The operator perspective
Although there is overlap in the part of the population that operators and these MVNOs go after, MVNOs are often better at reaching certain parts of the population than networks are. When striking MVNO deals, operators feel that these will give them better revenue opportunities than going after the segment themselves.
Marc Overton, Orange’s vice president of new business, wholesale and strategy, says: ‘We believe that MVNOs can complement Orange by extending our reach to broader segments of the market.
‘MVNOs targeted at ethnic or niche communities tend to have greater access to these communities in terms of their knowledge of the segment, buying behaviours and distribution channels. This enables us to focus on our wider marketing strategy, which covers a broader, mass-market audience.’
These companies are also able to give more tailored services to customers than operators with a hugely varied customer base could.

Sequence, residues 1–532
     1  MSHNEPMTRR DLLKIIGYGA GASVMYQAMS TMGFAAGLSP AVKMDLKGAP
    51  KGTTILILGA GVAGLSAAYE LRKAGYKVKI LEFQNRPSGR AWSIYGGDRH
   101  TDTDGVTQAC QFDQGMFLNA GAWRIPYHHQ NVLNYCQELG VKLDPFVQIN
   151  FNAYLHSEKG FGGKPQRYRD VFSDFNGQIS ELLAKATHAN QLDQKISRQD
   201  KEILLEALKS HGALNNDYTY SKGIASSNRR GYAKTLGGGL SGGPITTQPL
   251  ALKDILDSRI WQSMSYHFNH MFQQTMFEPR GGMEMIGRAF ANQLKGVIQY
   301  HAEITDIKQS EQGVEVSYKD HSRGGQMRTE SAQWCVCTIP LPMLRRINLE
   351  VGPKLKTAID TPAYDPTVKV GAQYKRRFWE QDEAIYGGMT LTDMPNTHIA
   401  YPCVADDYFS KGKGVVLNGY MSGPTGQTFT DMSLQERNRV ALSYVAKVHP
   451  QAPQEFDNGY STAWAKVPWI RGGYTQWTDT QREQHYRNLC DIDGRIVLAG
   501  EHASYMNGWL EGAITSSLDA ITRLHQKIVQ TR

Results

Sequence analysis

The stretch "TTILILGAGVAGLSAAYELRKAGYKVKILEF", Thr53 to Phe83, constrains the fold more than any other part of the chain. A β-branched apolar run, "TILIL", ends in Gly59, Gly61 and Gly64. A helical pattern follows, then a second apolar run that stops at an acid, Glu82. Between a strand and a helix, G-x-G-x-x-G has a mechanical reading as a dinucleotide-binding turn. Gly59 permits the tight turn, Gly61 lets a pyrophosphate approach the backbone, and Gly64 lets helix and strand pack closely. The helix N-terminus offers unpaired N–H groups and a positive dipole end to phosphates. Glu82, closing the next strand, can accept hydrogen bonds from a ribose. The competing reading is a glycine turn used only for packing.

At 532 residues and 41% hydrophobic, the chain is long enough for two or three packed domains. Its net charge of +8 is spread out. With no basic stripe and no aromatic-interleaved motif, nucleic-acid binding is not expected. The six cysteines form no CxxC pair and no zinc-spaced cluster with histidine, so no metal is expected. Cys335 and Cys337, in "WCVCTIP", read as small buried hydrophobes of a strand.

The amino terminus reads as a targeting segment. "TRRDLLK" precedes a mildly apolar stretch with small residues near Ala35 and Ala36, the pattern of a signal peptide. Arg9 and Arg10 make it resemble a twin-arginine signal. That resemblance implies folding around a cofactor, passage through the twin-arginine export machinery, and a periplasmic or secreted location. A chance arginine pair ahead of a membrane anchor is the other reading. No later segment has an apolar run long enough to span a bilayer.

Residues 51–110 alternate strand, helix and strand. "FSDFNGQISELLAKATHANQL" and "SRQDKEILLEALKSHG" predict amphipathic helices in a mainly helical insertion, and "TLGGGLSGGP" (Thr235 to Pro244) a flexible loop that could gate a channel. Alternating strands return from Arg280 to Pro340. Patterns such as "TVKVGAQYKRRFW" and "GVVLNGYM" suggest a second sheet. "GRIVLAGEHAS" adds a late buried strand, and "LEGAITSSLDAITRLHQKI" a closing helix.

Overton adds: ‘MVNOs can therefore focus on developing niche services such as customer services in native languages and specific international calling packages, while the operator focuses on its network and other business priorities.’
From the consumer point of view, the increasing competition in the market for international calling is positive as it brings more choice and lower prices. But the increasing competition will determine which of the ethnic MVNOs' business model has longevity.
The rise and fall of MVNOs
Virtual operators have been joining the market in increasing numbers recently. A similar situation took place a few years ago and, despite a few success stories like Tesco Mobile, a significant number failed, such as easyMobile and Disney Mobile.
Now it seems the cycle has started again and more and more MVNOs are being launched.
‘MVNOs come in fashion and go out. There will be more MVNOs in the next few years, but after that there will probably be some consolidation. A few will thrive but some will go out of business,’ Collins says.
What determines the success of the MVNOs is their distribution reach and, most importantly, the credibility of their brand, adds Collins.
In the immigrant niche, it remains to be seen which of these MVNOs have a sustainable